Because of her protectionist policies, Paraguay had accepted no foreign investments, and thus, had collected no debt. Though Paraguay made the switch to a paper currency backed by gold in the 1850s, and experienced significant initial inflation as a result of it, those troubles had stabilized by the 1860s. However, as the war wore on, and the government made the decision in 1865 to make all purchases using the paper money, inflation again arose as a major problem, and the value of the Paraguayan peso quickly deteriorated. By 1869, the paper peso had lost sixty to seventy percent of its original value. An attempt to assuage these economic pains, the Paraguayan government attempted to partially add silver to the backing of the peso, and also began minting silver coins, though neither of these served much a purpose, and was discontinued in August 1869.
It is abstract to declare that Paraguay was devastated after the Triple Alliance War without the frame with which to compare it. However, in the face of empirical data, the anguish forced upon the Paraguayan people becomes much more apparent. With the terrible death toll of disease and war, and the loss of nearly one-quarter of her territory, it is of little question why Paraguay has never been able to recover in the 150 years since. However, there were no winners of this war; though her enemies sought to carve her up, even to rob her of sovereignty, their tribulations suffered were also of great scale; such is the nature of war. As Bertrand Russell so cacophonously put it: “war does not determine who is right, only who is left;” and there can be no question that not much was left of Paraguay.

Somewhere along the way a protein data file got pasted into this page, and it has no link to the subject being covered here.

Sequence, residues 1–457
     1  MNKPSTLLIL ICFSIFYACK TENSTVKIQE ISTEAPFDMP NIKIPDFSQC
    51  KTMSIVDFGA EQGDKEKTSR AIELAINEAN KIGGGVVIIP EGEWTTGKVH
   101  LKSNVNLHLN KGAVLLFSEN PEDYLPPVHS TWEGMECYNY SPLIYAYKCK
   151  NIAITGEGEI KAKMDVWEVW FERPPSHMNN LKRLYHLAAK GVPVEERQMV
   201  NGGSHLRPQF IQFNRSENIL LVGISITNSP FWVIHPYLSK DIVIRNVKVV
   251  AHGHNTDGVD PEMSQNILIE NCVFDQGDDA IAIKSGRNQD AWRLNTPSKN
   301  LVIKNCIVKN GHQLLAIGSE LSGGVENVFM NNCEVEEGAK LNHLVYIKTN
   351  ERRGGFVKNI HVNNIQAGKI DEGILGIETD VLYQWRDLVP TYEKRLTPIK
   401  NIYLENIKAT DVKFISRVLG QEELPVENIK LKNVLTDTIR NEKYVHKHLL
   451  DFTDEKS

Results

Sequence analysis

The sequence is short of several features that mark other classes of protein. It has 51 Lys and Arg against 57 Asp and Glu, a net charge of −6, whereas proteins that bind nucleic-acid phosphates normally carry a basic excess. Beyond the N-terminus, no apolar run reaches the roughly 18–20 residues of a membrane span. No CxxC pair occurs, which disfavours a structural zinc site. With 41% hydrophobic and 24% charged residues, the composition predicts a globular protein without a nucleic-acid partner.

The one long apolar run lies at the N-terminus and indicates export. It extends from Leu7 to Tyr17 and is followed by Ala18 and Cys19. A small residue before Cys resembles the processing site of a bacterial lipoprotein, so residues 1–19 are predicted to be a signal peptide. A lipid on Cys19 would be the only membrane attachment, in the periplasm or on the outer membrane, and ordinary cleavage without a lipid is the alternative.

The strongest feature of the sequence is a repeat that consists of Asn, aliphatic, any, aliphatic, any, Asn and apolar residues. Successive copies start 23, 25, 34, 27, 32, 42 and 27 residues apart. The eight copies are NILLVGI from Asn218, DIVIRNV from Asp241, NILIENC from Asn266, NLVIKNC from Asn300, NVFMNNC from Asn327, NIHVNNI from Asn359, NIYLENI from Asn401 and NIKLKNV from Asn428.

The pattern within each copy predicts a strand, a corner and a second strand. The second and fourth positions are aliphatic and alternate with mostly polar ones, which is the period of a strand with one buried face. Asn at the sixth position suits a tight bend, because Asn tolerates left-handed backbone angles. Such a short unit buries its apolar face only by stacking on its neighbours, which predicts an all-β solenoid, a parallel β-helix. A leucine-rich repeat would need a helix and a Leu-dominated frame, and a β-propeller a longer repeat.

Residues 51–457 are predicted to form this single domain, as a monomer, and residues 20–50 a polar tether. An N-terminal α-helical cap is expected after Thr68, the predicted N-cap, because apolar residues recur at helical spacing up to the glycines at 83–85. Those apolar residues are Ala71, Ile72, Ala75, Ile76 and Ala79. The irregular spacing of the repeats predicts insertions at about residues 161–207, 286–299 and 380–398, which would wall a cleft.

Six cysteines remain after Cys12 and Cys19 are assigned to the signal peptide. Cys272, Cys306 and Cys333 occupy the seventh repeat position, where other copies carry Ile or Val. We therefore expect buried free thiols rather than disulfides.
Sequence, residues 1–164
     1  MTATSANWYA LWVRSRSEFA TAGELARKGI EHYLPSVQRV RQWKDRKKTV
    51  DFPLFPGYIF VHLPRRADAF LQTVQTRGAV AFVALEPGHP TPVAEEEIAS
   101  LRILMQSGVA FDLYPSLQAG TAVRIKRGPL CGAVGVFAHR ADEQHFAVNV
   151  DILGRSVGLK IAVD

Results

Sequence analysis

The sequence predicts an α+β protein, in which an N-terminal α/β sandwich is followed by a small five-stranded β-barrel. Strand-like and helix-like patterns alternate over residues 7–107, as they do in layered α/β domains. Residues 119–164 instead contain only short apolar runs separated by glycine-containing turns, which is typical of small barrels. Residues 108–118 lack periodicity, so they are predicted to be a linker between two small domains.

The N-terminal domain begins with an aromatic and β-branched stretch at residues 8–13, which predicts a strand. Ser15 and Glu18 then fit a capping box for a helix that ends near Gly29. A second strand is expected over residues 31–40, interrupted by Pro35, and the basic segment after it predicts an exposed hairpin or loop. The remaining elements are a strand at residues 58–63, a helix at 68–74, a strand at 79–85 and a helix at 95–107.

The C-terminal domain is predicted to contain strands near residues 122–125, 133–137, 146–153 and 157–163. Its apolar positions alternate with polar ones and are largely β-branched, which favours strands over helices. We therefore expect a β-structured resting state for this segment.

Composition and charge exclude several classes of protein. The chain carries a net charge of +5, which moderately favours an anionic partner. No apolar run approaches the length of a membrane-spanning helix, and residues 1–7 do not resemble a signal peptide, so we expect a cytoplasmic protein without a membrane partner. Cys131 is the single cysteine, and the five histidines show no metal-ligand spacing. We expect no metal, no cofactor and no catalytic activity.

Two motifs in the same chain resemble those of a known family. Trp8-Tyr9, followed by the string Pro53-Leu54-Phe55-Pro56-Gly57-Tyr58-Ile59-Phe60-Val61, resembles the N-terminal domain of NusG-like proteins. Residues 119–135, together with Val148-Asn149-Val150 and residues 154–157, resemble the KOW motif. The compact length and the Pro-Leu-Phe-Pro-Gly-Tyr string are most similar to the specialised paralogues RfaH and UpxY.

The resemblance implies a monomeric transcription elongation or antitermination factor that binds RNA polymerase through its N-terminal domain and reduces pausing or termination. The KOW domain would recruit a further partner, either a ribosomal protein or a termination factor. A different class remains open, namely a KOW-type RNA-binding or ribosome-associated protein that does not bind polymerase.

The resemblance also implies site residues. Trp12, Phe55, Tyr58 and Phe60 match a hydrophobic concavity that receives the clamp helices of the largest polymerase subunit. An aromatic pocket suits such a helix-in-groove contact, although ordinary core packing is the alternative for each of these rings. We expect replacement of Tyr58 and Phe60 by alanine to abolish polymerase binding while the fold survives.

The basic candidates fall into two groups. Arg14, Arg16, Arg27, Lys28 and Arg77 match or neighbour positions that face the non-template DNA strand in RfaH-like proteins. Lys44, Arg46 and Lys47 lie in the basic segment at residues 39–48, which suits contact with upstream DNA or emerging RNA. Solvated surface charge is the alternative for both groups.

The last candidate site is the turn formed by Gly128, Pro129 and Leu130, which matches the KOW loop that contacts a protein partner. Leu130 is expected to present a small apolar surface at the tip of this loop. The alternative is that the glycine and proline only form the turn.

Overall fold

"Though much is taken, much abides; and though /we are not now that strength which in old days /Moved earth and heaven, that which we are, we are, /One equal temper of heroic hearts, /Made weak by time and fate, but strong in will /To strive, to seek, to find, and not to yield." Alfred Lord Tennyson, Ulysses
"Philosophy was for them more important than opportunism, and so they achieved in the end philosophy rather than opportunity." - Thurmon Arnold
(-8.75,-5.15) Ask A Red V The Offtopicgrad Soviet The Revolution Will Not be Televised The Best Thread on CFC
|Apr 29, 2012, 01:19 AM||#2|
Let your spirit be free
Join Date: Jan 2007
Location: Air Temple Island
Interesting read! South America is an oft-forgotten place of conflict in human history,
Ansar - I ask you, CFCers, because as I recall, the Singaporeans on this board (particularly aronnax) seem to have a particular dislike for the Singaporean government and even call it an "Orwellian nightmare"
I am proud to be referenced in hating Singapore.